DALLAS – Today in Aviation, Maltese flag carrier Air Malta (KM) operated its first flight in 1974 on a wet-leased Pakistan International Airlines (PIA) Boeing 720B.
The flight departed Malta International Airport (MLA) bound for London Heathrow Airport (LHR), just a year after the airline’s foundation.
Air Malta was founded in March 1973. The country’s government had wanted to establish a national airline. But with no idea how to go about it, they enlisted the help of PIA, which provided the aircraft and expertise.
By 1975, fifty-three thousand passengers were carried. The airline would also add new routes to Rome (FCO), Tripoli (TIP), Manchester (MAN), Frankfurt (FRA), and Paris (CDG).
To coincide with the airline’s tenth anniversary, the first of three brand new Boeing 737-200 Advanced arrived on March 30, 1983. The airline would operate six of the type until January 30, 2004. KM would also fly the -300, -400, and a single -500 series.
In 1987, KM ordered its first Airbus A320. The carrier stuck with the European manufacturer when it embarked on a fleet renewal program in July 2002. An order was placed for five A319s and seven A320s. Since then, the type has formed the backbone of the KM fleet after the last Boeing 737 was retired in May 2008.
On June 5, 2018, KM received its first A320neo, used to replace its older A320ceos. Currently, the airline’s fleet stands at seven Airbus jets: three A320ceo, and four A320neos.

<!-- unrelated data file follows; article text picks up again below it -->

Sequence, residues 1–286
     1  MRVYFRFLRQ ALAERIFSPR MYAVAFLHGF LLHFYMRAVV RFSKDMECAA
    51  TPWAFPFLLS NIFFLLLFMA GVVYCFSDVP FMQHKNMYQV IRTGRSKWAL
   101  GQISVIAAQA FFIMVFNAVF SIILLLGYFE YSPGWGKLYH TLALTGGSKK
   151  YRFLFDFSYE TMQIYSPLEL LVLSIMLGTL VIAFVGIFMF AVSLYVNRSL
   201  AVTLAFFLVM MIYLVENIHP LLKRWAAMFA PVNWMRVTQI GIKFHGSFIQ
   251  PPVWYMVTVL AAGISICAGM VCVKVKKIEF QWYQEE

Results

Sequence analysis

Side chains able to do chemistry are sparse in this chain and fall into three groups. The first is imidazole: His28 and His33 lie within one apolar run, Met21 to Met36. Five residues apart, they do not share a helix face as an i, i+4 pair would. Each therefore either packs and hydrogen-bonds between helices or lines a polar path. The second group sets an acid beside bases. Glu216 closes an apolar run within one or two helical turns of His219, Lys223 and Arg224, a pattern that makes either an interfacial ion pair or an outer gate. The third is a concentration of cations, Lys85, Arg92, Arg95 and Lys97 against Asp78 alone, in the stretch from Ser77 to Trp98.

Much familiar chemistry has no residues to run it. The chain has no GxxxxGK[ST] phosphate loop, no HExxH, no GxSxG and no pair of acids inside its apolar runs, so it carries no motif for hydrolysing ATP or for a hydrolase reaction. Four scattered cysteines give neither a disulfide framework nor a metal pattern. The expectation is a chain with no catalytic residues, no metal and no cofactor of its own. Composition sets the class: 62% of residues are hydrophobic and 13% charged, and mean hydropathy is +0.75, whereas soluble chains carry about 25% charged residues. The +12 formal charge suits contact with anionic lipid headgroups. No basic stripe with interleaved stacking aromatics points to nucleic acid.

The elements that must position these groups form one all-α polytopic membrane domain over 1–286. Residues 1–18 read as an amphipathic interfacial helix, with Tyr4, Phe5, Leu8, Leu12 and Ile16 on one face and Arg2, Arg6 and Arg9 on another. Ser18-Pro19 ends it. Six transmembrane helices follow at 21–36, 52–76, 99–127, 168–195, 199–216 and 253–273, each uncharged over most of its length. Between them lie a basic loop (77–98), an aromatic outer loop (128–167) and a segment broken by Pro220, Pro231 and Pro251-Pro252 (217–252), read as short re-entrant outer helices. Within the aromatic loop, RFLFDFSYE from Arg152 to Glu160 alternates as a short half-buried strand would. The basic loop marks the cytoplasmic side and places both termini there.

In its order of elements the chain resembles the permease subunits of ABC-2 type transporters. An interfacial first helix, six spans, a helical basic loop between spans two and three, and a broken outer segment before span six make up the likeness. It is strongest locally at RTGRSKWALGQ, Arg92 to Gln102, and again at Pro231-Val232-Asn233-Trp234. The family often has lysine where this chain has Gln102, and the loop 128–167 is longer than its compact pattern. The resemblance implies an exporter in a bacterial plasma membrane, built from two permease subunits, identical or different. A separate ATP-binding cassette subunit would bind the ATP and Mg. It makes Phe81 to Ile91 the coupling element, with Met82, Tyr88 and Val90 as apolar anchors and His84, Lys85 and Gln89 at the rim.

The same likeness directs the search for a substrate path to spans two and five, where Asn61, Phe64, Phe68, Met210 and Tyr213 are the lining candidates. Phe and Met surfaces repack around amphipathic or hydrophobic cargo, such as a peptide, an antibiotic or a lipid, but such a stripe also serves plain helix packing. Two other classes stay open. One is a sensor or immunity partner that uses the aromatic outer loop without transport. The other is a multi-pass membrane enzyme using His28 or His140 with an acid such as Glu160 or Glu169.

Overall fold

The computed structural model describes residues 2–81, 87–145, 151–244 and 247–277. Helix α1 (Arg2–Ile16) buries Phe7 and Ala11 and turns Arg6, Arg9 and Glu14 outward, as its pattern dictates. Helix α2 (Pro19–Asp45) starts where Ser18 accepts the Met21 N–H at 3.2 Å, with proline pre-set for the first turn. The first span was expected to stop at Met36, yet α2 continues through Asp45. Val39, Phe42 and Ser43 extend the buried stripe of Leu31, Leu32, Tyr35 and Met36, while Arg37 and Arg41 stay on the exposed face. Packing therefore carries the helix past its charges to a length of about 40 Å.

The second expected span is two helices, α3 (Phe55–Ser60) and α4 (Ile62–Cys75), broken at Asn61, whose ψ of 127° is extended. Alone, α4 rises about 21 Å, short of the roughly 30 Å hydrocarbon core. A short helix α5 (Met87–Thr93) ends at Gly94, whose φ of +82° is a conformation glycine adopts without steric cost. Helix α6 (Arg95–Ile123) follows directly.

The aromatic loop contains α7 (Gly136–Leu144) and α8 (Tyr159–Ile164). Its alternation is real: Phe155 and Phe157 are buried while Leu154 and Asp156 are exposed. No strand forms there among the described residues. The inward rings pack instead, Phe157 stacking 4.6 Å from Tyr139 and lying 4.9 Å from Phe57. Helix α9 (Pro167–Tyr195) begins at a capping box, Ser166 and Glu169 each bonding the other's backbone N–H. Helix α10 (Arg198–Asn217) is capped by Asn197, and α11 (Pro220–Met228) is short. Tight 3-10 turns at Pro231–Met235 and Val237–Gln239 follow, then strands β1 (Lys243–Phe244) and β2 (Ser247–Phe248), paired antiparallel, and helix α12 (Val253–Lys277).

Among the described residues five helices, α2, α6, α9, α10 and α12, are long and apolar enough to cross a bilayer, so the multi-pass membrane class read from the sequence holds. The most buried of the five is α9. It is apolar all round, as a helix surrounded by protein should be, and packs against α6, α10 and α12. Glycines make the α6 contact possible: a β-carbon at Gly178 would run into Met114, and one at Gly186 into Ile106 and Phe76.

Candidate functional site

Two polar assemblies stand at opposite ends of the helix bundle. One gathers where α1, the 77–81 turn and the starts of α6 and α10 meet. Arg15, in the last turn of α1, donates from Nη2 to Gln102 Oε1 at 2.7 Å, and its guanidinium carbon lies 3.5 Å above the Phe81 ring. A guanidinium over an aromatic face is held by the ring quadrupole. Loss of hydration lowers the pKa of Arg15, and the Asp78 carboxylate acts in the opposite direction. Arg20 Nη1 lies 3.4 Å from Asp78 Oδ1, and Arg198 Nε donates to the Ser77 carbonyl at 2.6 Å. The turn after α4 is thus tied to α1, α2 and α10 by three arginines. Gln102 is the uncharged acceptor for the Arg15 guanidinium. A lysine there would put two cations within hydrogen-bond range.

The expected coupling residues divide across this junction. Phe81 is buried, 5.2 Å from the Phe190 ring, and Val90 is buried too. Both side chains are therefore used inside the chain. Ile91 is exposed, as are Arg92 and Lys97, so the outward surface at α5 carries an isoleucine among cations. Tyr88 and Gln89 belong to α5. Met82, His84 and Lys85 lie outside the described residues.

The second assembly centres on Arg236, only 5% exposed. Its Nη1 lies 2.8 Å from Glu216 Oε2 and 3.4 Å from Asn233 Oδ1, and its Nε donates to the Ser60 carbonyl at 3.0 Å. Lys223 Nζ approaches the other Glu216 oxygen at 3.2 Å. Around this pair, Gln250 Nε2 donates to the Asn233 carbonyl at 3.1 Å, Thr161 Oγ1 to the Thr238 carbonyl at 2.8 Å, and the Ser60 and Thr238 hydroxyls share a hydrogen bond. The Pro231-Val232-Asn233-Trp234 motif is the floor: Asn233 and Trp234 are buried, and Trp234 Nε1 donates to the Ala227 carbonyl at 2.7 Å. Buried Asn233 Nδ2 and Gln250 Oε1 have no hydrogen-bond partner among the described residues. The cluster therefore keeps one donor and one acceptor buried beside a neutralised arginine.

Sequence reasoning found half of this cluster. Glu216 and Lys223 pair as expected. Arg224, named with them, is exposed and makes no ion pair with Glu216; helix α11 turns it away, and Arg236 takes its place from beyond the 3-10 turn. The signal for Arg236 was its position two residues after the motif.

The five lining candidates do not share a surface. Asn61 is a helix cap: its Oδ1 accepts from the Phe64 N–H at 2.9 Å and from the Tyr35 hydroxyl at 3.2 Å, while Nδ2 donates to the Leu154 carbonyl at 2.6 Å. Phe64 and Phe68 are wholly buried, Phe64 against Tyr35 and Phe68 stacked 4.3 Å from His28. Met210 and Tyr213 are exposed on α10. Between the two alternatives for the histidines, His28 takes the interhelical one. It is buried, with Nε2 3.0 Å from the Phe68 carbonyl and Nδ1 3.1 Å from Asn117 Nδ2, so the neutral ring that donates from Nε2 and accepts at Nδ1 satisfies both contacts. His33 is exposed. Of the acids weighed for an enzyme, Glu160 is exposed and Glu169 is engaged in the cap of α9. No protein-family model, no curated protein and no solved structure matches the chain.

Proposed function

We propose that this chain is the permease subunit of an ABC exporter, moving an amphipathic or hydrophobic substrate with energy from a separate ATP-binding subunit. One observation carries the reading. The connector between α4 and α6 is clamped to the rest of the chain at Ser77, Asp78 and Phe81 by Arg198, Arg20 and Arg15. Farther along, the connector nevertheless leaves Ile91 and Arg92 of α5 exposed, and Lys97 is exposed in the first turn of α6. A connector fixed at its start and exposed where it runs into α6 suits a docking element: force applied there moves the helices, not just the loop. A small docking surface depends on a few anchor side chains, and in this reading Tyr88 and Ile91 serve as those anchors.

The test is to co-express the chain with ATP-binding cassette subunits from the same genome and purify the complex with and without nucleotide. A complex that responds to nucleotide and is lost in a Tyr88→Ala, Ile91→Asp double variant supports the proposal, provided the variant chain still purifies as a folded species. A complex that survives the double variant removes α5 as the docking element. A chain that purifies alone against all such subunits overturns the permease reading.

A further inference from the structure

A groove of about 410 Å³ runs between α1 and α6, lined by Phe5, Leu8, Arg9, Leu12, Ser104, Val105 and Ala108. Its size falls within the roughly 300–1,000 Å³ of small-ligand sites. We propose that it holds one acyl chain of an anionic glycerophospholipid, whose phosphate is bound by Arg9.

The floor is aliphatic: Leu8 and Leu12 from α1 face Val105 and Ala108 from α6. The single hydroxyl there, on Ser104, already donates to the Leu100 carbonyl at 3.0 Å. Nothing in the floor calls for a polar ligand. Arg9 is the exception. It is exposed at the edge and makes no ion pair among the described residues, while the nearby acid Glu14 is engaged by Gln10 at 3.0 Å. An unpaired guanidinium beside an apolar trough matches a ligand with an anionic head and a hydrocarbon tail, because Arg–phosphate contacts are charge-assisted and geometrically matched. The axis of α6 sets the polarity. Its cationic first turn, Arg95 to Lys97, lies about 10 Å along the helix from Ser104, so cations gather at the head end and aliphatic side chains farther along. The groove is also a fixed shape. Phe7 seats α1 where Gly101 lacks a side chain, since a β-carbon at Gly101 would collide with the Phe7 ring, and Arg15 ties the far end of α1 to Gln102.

Air Malta has struggled over the years. When Malta joined the European Union in 2004, the island was flooded with low-cost carriers, and KM was slow to react. Heavy losses were incurred, and the airline has embarked on various restructuring programs.
This saw KM become a hybrid airline, offering full-service flight schedules, business class, and code-share agreements with other airlines, but with low-cost economy fares and buy-on-board in-flight service.
In January 2022, the Maltese government announced that it would cut the carrier’s workforce in half and shelve plans for long-haul expansion. This came in an effort to save the airline following the COVID-19 pandemic.
Featured image: Air Malta operated a total of four Boeing 720Bs. (Photo: Rob Hodgkins, CC BY-SA 2.0, via Wikimedia Commons)